I really hope this kitty has a better life. God speed little fuzzball. She at least has the kibble and formula I had bought at the vet’s for the first kitten. I called Animal Rescue Saigon for the first kitten but they didn’t get back to me for days and when they did, told me they were full of abandoned kitties and could not take any more. I know Vietnam is not a cat country but releasing your unloved kittens (and puppies) onto the street and a lack of spaying and neutering seems to just create more problems and bad luck for everyone involved.
I kept meaning to leave Ho Chi Minh earlier, I’m not usually a fan of huge towns. Yet I just could not, I just kept staying to see these people more. Perhaps I was more sick of moving quickly than I realized. I stayed a whole two weeks. I love seeing places through the eyes of those who love it, who want to show me every last bit. I even got my hands on a kitchen to cook an American dinner for some homesick expats. On my last night and morning I was bestowed with more generosity than the amazing amounts I am constantly already shown. My friends gave me a duet acoustic performance at my request, I was given physical gifts that I seem to accumulate wherever I meet kind souls, and one couch surfer even volunteered to get breakfast with me and take me to the bus station ridiculously early in the morning.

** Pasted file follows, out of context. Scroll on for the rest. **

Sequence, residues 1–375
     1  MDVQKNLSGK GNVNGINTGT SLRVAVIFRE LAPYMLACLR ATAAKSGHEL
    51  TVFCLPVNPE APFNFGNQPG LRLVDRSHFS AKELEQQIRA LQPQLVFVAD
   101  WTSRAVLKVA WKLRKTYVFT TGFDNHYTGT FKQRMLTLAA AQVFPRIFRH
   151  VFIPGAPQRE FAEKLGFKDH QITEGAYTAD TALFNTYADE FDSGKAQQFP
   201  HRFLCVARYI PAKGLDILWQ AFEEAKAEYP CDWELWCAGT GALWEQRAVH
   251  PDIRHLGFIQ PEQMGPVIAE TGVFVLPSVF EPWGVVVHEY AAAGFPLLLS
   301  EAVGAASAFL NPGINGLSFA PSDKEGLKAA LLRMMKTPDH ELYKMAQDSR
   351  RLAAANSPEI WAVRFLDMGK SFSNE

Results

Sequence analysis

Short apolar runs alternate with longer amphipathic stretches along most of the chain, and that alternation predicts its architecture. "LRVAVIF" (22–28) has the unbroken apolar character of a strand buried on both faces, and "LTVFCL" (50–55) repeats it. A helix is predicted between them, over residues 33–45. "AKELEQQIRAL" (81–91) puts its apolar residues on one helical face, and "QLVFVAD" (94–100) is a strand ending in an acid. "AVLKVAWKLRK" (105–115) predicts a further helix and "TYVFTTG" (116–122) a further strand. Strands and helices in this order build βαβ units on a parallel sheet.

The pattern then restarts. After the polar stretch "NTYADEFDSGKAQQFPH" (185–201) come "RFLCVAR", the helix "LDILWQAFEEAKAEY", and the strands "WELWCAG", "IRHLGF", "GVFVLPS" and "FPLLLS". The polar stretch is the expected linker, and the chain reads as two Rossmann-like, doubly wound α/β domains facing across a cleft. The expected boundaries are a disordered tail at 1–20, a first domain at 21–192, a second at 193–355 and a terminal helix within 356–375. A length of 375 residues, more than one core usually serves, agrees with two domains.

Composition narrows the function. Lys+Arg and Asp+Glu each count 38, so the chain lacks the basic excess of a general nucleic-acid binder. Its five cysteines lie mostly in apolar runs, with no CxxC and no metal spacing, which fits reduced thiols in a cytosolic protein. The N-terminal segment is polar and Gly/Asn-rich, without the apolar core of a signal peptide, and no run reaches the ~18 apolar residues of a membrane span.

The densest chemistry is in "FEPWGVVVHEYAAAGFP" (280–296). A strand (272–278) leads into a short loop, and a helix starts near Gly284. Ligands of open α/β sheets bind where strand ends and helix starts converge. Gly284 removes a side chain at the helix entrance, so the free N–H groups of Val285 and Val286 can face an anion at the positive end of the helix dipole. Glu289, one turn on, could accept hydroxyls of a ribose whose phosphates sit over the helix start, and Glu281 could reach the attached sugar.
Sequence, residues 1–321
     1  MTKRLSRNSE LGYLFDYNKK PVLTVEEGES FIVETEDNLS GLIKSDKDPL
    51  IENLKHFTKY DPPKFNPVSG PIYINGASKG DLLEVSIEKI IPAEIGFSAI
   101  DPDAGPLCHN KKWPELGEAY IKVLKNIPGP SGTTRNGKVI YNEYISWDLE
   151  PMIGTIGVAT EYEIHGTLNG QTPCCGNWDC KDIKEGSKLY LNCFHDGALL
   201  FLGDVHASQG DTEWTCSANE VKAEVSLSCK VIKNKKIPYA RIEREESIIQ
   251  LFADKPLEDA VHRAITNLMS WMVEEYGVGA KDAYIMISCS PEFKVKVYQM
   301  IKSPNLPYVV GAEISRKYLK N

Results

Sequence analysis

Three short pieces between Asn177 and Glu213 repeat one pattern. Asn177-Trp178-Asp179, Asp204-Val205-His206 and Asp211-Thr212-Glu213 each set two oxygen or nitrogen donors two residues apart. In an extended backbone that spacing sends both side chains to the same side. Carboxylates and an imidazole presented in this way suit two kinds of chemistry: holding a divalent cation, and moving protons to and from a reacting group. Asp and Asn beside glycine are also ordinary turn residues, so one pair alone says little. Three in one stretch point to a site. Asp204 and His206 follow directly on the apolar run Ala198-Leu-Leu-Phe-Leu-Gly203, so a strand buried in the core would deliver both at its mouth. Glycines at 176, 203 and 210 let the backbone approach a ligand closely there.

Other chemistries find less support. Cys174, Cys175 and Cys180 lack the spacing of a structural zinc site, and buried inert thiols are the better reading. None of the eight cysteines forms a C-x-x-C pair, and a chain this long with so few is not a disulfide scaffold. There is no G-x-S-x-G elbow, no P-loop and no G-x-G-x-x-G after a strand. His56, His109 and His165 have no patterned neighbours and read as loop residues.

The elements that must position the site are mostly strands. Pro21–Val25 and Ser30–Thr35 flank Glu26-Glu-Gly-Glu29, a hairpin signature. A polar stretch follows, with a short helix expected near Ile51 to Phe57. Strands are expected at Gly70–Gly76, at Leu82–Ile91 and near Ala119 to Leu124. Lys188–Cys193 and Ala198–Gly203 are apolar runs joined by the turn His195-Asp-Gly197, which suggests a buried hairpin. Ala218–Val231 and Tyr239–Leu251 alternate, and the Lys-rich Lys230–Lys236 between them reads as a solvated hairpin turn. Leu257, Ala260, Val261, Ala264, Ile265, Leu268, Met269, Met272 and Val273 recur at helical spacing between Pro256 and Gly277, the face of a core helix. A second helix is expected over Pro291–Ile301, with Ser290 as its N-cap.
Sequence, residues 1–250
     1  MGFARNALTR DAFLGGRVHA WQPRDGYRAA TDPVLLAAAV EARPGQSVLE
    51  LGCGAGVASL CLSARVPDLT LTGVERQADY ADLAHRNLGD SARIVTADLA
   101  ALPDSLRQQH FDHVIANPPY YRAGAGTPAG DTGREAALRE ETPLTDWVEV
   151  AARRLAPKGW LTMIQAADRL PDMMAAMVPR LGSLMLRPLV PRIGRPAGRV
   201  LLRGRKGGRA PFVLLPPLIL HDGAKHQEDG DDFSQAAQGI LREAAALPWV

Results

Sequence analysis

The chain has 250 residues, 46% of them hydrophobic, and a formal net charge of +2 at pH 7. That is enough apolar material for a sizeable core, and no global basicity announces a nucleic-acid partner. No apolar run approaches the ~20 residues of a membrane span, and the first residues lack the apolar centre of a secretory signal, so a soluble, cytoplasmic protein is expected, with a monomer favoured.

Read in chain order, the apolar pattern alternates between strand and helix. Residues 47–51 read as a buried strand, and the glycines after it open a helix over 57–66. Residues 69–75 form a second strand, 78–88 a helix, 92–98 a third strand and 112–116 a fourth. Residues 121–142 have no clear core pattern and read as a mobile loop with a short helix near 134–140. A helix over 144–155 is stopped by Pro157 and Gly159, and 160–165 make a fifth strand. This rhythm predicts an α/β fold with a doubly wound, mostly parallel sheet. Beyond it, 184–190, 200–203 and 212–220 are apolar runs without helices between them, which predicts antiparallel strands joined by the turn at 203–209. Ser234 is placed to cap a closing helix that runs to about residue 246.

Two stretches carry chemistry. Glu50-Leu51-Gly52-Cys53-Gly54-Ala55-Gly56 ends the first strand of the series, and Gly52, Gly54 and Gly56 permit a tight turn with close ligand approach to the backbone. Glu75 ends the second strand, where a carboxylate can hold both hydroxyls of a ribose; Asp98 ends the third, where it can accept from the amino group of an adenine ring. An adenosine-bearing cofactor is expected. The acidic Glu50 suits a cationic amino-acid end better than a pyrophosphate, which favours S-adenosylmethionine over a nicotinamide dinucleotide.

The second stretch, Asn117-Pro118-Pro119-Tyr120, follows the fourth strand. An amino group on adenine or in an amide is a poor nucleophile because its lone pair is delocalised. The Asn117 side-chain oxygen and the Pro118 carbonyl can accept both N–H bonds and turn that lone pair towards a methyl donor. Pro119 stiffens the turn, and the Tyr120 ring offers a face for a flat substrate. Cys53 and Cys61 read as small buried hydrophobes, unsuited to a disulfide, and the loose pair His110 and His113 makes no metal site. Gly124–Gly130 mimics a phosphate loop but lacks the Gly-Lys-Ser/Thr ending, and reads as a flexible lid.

Typical Saigon traffic and lack of understanding at how a roundabout works. There are stoplights involved here and everyone sort of rushes in at right angles causing traffic jams.
Some people told me that they hoped I loved Vietnam, and I could honestly tell them that the one I had found I did indeed love. Away from the bustle and harassment of the tourist zone and amidst all the scooter traffic, I found another side of the Vietnam I had fallen for the last three months.